A: If I come up with a crazy idea in the middle of the night, Sean is always there to bounce ideas off of. It’s also just a lot of fun to be in both a personal relationship and a creative relationship with the same person. It’s awesome to be with someone who really understand and shares my interest in design and creativity, and to be able to create new things together. Who else could I have dressed up as butter and an ear of corn with for this past Halloween?
Butter & Corn
S: In the beginning of the business, Anna was still working as an architect and we had to put Sub-Studio time in at nights and on the weekends, which put a big weight on our relationship because we spent all our time working instead of being a couple. Even though it’s our own work, we have to make sure we put it away at night and get back to being a regular couple.
A: It’s easy for work to bleed into your personal time/your time as a couple when you are working both together and from home. After failing miserably at separating the two, we’ve had to be very careful to set up boundaries and rules about when and how long we work. Even after having worked together for almost four years now, it’s still something that we are trying to find a balance in.
Visible:Invisible – One of our first ever collaborations together. The Visible:Invisible series of photo-illustrations envisions a world of creatures parallel to ours. Living next to us in our physical world, but beyond our human senses, the creatures live their lives and carry out their individual rituals.
Has your work changed as a result of living/working together, if so how?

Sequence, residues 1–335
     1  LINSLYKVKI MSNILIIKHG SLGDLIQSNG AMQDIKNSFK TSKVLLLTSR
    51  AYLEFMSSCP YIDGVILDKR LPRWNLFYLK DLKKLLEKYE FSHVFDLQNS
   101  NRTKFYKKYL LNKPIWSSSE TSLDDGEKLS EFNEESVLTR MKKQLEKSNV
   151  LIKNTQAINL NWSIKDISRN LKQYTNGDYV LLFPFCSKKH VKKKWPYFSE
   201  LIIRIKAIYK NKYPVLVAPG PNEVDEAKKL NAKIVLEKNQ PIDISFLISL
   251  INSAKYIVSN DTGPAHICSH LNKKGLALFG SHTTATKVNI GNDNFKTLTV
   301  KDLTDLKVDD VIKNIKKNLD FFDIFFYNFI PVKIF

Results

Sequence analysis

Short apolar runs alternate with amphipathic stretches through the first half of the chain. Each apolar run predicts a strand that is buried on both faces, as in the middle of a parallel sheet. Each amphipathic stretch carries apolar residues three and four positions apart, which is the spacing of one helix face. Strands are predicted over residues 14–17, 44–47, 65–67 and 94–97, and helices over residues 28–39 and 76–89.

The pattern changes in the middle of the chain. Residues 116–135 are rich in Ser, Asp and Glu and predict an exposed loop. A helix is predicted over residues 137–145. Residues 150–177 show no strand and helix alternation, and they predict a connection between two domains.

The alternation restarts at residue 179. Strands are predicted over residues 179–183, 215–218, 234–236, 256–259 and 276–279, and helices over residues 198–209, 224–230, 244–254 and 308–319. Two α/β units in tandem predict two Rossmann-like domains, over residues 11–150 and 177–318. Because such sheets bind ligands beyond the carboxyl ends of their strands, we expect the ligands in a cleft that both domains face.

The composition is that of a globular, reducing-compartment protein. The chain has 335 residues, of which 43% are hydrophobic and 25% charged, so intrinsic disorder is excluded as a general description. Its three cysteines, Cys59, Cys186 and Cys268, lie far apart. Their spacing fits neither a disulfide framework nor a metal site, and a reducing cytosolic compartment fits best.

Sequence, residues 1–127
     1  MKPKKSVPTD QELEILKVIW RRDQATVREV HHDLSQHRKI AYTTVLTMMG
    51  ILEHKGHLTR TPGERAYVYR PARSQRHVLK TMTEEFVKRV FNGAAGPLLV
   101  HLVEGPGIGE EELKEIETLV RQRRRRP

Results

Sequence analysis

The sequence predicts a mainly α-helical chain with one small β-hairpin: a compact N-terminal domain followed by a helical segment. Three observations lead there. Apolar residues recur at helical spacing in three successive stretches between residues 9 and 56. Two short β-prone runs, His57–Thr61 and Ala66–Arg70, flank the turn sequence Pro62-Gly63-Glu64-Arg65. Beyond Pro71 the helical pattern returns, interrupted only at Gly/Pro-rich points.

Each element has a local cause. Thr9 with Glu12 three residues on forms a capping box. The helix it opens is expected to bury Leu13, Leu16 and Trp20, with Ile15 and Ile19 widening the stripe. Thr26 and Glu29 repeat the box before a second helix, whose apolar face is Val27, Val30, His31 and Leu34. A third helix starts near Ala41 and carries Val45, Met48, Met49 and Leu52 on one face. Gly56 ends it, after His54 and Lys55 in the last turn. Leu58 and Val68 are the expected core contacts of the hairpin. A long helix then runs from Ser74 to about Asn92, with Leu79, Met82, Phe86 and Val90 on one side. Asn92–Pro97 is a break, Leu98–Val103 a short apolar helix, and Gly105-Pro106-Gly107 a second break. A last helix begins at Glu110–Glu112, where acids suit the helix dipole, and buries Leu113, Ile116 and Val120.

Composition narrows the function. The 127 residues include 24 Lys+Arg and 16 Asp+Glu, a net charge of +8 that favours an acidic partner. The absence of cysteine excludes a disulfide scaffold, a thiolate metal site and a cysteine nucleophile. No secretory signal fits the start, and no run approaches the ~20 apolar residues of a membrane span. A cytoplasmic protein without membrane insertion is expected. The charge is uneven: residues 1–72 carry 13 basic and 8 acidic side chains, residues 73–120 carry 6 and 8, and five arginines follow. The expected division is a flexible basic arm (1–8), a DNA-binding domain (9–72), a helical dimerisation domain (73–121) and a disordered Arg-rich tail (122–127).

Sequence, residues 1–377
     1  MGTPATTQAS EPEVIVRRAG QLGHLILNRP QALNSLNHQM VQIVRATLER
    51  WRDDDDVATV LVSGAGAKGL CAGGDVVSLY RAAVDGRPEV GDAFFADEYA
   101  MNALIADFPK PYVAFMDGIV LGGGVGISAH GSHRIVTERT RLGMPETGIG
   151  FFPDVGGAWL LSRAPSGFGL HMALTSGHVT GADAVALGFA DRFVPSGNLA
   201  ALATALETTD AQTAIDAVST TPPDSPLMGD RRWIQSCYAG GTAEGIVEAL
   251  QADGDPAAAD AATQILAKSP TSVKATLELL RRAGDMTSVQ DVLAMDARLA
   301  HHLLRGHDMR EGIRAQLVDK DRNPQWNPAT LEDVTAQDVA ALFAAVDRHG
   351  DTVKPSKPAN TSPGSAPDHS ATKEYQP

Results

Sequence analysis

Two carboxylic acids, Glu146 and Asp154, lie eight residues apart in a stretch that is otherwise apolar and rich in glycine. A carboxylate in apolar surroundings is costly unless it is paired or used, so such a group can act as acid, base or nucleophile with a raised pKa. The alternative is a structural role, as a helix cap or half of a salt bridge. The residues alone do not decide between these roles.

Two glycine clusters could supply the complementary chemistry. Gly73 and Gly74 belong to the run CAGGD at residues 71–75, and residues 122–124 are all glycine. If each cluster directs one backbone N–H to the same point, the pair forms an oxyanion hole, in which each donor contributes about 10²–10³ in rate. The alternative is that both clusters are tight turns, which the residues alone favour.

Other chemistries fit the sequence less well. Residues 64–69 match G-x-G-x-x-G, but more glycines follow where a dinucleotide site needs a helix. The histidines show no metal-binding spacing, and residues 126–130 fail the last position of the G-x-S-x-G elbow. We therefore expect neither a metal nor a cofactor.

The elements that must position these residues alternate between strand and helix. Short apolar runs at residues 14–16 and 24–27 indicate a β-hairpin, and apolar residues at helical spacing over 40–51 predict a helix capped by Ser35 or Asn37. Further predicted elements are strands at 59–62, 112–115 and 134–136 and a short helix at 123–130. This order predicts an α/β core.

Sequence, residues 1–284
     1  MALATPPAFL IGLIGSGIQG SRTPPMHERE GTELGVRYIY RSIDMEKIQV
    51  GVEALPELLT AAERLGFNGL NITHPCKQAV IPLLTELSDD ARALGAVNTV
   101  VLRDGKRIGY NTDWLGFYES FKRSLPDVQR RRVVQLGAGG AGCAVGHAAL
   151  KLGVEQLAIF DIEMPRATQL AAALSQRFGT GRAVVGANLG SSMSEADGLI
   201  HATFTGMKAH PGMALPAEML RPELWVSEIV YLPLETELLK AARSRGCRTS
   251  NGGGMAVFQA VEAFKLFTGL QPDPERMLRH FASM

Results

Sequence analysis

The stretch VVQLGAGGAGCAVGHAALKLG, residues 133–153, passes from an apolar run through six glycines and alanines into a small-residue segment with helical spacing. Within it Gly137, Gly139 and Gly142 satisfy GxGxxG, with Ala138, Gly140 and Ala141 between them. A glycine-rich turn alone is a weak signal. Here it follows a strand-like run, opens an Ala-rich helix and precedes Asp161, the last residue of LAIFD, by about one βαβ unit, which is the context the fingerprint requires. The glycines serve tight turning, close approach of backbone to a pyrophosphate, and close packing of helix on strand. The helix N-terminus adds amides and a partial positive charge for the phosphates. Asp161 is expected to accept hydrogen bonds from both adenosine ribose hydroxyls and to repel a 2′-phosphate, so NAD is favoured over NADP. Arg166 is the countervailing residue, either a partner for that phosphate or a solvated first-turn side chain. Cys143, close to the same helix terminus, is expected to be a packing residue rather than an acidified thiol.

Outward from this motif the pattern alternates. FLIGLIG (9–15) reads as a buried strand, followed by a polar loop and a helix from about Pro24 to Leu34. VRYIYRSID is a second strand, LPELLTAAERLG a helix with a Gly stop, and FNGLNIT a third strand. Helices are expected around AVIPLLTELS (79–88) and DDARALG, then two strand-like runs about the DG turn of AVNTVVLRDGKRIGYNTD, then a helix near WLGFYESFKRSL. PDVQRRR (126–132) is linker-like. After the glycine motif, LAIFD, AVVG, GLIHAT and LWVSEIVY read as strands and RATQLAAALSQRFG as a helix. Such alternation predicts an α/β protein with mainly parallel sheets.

A: I think that we tend to influence one another with regards to what is inspiring us at the moment, and that obviously has an effect on our work.
S: In school, we always valued the critical eye of our friends because the work gets better the more people ask about it and pick it apart. Our graphic design work through Sub-Studio isn’t as conceptually-driven as an architecture project might be, but having someone give critical input is a great thing. Having those discussions just gets your brain working and it helps us both be more creative.
2010 Pocket Calendar – Our first-ever calendar is based on traditional fortune cookie messages that have been updated with a modern design. There are 24 different proverbs (okay, some of them are more like random sayings) to help guide you through the next year.
Are you currently collaborating on anything at the moment?
A: We collaborate on pretty much everything that comes out of Sub-Studio. The biggest project that we’ve collaborated on recently is a new business called The Working Proof – an online print gallery and shop with the mission of promoting both art and social responsibility through a series of limited-edition prints. A portion of the sale of each print is donated to the charity of the artist’s choice. Otherwise, through Sub-Studio we have a set of prints that we are finishing up, and once the holiday season is over, we have to gear up for the National Stationery Show in May.
S: We collaborate on everything! Other than our design blog, Sub-Studio has taken a backseat to The Working Proof this past year. But now that Anna has gotten that up and running, we are concentrating on coming up with a new series of prints. I am looking forward to the day that we can collaborate on an architectural project together, but that will have to wait until we find clients who want to build.
Greasy Grimes – Our contribution to a limited edition, letterpressed Old Maid (renamed Enterprising Maidens) card deck. Greasy Grimes was drawn as a double portrait inspired by a standard face card. The two opposing sides of the card represent the inner and outer character of a single person in two different forms. What is more desirable, inner or outer beauty?
Any advice for future creative couples?
S: Try to work cooperatively and not competitively. We both come in with our own interests and ideas, but we work on them together.
A: Like I said before, make sure that you are communicating in a constructive way, and understand that collaborating consists of a lot of give and take. While your final idea may not be exactly how you initially conceived of it, most of the time your ideas will come out better because of the back and forth. Two heads are definitely better than one!
Thanks Sean and Anna!